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Pollution: Three Personal Windows. 1957 1997 2017

Betty Watson, caring for a Cambodian orphan In 1957

Pollution: Three Personal Windows. 1957 – 1997 – 2017

In 1957: Betty Watson worked for an American company in Cambodia, making a two lane packed gravel road out of a foot path for oxcarts and elephants. This is where she began her sojourn into wildlife rescue and where she witnessed the local women washing their newborns in the same canals that their neighbors washed their water buffalos in.
There was no “clean” water available for the villagers in Cambodia at that time and little hope of getting some.
Fast forward to 1967: Joe Watson was working at UC Berkeley for a world renowned Biochemist, Robert (Bob) Stokstad. Bob demanded critical thinking and participation in lively discussions in his laboratory every morning. This is when Bob would drop an intellectual bomb and stand back to see where the pieces fell. Bob posited that the “clean” industries of the chip makers in Silicon Valley did not have to worry about the small volumes of chemical solvents that they contaminated the water table with. “All they have to do to mitigate was to drink bottled water, avoiding the contaminates”.
I knew that Bob’s grandchildren and his son lived in Silicon Valley so I asked Bob, “What do you think about your grandchildren eating vegetables boiled in that water and what about taking baths in that water”? With a smile, Bob recanted his position.
Fast forward to 2017: Betty and I were visiting Cambodia with our foster daughter, Thavon Chhun and her family. We were in a water taxi,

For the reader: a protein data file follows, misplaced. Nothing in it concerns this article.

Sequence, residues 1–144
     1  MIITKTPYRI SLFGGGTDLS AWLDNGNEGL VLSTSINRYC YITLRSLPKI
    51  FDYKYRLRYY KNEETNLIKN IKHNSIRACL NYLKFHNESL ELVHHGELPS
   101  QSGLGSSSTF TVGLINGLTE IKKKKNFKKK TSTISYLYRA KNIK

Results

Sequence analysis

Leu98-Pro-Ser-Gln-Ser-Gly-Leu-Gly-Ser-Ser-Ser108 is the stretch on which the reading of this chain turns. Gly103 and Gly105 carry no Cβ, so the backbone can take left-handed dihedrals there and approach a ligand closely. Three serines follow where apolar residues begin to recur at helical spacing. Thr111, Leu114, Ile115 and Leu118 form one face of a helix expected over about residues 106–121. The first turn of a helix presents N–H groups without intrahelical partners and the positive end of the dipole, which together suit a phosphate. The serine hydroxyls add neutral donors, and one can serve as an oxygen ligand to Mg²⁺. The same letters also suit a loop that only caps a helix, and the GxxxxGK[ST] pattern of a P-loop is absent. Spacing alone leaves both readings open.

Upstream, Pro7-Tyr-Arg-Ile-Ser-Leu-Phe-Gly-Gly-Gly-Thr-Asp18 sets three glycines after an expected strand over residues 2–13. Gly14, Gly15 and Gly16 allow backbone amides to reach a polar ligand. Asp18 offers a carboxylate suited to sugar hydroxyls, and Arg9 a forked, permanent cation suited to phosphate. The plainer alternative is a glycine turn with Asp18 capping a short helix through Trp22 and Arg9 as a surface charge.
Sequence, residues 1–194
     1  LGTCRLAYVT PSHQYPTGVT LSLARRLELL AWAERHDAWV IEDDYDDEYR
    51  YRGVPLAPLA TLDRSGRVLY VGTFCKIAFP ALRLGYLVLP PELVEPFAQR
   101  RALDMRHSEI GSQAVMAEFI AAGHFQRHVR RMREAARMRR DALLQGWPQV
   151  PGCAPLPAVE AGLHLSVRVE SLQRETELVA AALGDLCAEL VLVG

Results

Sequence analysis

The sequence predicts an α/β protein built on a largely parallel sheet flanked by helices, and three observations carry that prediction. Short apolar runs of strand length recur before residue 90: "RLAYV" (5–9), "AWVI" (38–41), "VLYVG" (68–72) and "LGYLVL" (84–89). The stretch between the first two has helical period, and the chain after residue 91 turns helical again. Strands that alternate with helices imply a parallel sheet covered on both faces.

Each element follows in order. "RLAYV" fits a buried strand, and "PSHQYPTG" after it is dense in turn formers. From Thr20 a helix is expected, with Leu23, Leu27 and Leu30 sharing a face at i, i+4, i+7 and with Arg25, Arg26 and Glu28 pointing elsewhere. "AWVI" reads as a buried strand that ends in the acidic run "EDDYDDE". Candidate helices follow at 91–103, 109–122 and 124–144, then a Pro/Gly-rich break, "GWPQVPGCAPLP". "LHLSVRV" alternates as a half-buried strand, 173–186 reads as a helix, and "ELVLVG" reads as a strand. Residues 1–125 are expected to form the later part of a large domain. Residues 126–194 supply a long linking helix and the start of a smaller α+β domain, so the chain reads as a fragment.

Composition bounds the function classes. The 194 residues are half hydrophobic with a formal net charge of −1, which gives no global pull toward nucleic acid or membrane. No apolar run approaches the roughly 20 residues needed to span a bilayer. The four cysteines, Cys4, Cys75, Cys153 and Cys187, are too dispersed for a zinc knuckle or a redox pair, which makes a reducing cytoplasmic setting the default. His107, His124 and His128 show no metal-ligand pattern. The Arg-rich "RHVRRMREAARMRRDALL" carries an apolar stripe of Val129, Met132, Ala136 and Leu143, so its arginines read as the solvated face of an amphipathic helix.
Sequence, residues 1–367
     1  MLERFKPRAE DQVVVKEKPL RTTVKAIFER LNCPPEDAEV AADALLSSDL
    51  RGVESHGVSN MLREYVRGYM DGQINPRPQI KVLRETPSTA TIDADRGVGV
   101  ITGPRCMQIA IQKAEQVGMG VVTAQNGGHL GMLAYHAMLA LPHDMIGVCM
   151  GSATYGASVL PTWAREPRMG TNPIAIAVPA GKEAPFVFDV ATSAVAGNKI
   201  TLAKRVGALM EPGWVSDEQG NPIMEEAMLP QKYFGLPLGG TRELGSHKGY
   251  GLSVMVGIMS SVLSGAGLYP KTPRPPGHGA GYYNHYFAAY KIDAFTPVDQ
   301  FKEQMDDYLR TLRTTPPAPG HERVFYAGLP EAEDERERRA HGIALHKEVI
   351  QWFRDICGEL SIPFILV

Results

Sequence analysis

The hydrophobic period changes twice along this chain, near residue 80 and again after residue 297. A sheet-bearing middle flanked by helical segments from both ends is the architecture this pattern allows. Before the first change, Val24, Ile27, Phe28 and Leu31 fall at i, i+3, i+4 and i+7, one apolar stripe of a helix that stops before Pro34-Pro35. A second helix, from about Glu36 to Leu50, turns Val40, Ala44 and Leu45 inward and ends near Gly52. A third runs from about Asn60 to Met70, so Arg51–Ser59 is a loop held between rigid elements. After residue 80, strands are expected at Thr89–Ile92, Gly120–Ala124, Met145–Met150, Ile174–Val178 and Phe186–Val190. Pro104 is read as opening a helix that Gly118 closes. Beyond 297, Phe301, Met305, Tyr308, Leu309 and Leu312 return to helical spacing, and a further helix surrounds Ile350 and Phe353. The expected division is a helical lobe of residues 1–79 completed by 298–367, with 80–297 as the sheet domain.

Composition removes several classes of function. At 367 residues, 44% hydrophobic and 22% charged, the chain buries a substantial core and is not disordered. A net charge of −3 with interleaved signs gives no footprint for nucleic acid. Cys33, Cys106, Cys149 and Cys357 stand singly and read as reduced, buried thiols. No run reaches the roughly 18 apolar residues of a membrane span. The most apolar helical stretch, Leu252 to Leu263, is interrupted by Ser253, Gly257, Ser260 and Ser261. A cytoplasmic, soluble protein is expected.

motoring through The Floating Village of Tonle Sap Lake, during the dry season.
As we passed one on the stilt houses, A young woman smiled and waved to us. She was sitting on the safety rail of her porch, with her bottom hanging over the edge, pooping. Her next door neighbors were taking their daily baths in the waterway at the same time. They had no “clean water” infrastructure.

The primary catch for this fishing village was water snails; And, those snails lived off the aquatic plants that flourished in the rich polluted water. The fishermen were transporting large plastic bags with their daily catch to the loading docks, so the snails could be delivered to the local markets.


A year later, we saw open garbage pits outside the private homes in Fiji. We saw plastic containers and a myriad of other things waiting to be burned and buried.


I can honestly say that the cultures of the Third World and the First World haven’t learned a thing. While we belch the pollutants of combustion into our air, and dump coal ash into our rivers, we spill oil into our oceans.

The citizens of Flint Michigan can’t drink their own municipal water because most of the town has no “clean water” infrastructure. The first tenant of pollution control is ignored: “Do not dump your own waste into the environment”.
The Nature Conservancy thinks about this stuff every day. Guided by the adage, “Waste not want not”; We reuse the plastic pots that come from our nurseries, and we reuse the pots that we used the previous years. This year, during our Spring Cleaning, we stored and stacked over 1,000 plastic pots to be used this season. In addition, we saved more than 700 plastic tree guards, from years past, to reuse for this year’s acorn plantings.


As a policy, The Nature Conservancy is asking all the volunteers to bring their own reusable water bottles with them to the workdays so that we don’t add to the problems that these conveniences cause.
When you change the way you look at the world you can change the way you do things. The smallest changes done by the largest number of people can make the biggest difference.